This is a dangerous symptom. It means that in the near future everyone who does not live below the poverty line will be the enemy that the Communists and their ilk have been so lacking. Fortunately, there are enough rich people in Russia today. But as the joke goes, the Marxists would rather get rid of them than see that there were no poor. Presumably many more files will be found in the prosecutor general's archives that can be pulled out at the requisite moment and presented to the public.

Segodnya, April 7

Pre-Emptive Strikes

After yesterday's debates in the State Duma it becomes clear: the president does not plan to wait for April 15, when the lower chamber plans to discuss the issue of his impeachment. Nor does he plan to sit with his hands folded for the planned April 21 session of the Federation Council, at which the question of the resignation of the prosecutor general will again be considered. Boris Nikolayevich [Yeltsin] long ago proved: as soon as something touches his personal, not to mention financial interests, he always strikes first, regardless of the condition of his health. Today the next portion of kompromat will be thrown at Yury Skuratov. Murky information about dachas, apartments and automobiles will be put into play. Already yesterday, Zhirinovsky divulged information the Kremlin has saved up concerning Skuratov's four-room apartment.

But it's a dangerous business: It could unnerve Skuratov, and then the country could find out the names on the secret list of owners of Swiss bank accounts, which, according to some information, come to tens of billions of dollars.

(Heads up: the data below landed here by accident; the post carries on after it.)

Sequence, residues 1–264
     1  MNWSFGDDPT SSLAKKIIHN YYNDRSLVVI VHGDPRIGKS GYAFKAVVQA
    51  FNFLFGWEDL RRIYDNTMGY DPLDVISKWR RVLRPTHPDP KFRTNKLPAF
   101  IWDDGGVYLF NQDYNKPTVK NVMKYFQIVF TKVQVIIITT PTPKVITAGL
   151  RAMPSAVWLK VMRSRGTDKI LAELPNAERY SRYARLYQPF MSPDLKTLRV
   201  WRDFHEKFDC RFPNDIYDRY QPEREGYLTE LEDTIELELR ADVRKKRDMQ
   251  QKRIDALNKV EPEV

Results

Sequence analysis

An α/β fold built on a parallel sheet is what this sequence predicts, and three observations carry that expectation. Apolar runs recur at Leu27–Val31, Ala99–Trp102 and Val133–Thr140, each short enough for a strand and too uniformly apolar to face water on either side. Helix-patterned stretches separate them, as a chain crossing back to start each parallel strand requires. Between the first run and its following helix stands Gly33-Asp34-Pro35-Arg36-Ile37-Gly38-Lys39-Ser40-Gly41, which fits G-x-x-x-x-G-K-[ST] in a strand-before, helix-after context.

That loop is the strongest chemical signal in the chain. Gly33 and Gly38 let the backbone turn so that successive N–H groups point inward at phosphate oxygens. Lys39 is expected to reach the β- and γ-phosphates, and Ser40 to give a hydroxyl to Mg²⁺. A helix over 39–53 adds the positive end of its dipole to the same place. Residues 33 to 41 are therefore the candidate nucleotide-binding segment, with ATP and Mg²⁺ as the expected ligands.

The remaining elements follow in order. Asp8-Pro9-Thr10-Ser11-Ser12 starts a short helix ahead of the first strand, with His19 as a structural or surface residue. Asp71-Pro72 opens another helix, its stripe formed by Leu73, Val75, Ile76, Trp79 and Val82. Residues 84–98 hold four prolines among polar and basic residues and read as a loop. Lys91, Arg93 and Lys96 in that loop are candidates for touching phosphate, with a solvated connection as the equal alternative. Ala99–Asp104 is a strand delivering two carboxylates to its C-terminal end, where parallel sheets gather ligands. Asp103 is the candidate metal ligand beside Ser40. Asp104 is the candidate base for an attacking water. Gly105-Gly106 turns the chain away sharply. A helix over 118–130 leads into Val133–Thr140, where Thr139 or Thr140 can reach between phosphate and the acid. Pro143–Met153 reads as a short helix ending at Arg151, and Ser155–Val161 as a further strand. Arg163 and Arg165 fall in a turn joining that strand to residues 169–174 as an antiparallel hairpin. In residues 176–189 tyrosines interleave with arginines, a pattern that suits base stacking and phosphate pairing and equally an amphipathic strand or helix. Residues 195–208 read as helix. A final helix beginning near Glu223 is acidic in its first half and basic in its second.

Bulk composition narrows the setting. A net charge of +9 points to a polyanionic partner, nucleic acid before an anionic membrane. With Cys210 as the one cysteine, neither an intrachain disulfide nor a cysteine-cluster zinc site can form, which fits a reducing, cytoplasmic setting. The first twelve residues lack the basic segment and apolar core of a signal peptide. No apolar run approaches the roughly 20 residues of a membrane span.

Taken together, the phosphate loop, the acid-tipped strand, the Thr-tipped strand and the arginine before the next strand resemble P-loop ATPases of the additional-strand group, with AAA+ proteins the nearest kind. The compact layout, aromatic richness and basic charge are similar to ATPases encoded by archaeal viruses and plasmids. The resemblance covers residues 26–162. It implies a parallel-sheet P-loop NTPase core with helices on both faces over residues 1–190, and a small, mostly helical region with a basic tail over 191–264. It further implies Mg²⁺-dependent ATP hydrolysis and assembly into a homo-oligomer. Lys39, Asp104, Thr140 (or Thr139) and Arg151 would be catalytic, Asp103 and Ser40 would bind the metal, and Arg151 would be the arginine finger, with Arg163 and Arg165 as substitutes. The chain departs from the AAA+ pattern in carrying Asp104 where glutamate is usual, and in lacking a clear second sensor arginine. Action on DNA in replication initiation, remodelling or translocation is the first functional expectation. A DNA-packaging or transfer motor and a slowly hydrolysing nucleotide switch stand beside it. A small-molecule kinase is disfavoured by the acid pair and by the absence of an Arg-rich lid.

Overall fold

Tribuna, April 8

Trading Heads

It is clear that a politician who has the guts to turn his plane around over the ocean does not want to depend on the will of [Communist Party leaders Gennady] Zyuganov, [Valentin] Kuptsov, or [Viktor] Ilyukhin for the rest of his life. That means that he must strengthen his own position to such an extent that he can exist without those three, while simultaneously, of course, not becoming dependent on the president. And Primakov was virtuous in playing this game. He traded Skuratov for Berezovsky, whose head it was much more important for the prime minister to see roll.

We may assert with certainty that all of the theatrics of issuing a warrant for the arrest of Berezovsky were calculated beforehand, and not only by the General Prosecutor's Office, but also by the White House and the Kremlin. As we have managed to learn, both the government and the president knew several weeks before Berezovsky's arrest order that the relevant order was already prepared and only needed to be signed.

Berezovsky himself also knew about this. But the entire political establishment is not interested in seeing Berezovsky actually arrested. He knows too much and is paying too many people.

They say that even Skuratov, the intrepid corruption fighter, used to "conduct business with Berezovsky" (of course this does not necessarily mean bribe-taking) before splitting with him, apparently in an attempt to adjust himself to the new government's likes and dislikes. When, for instance, Berezovsky was shaking the foundations of [Viktor] Chernomyrdin's government, and [Anatoly] Chubais openly told Skuratov about Aeroflot and the oligarchs acting against the state's interests, the prosecutor did not take any action at all. Therefore, the action of issuing a warrant for the arrest of both Berezovsky and Smolensky was undertaken not to arrest them, but not to let them back into this country - to isolate them from Russia.

Moskovsky Komsomolets, April 8